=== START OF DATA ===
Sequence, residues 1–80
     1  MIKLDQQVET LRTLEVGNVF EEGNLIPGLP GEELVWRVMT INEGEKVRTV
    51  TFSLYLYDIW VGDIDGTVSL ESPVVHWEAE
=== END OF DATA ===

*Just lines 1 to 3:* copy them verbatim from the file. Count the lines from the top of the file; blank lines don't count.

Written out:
Sequence, residues 1–80
     1  MIKLDQQVET LRTLEVGNVF EEGNLIPGLP GEELVWRVMT INEGEKVRTV
    51  TFSLYLYDIW VGDIDGTVSL ESPVVHWEAE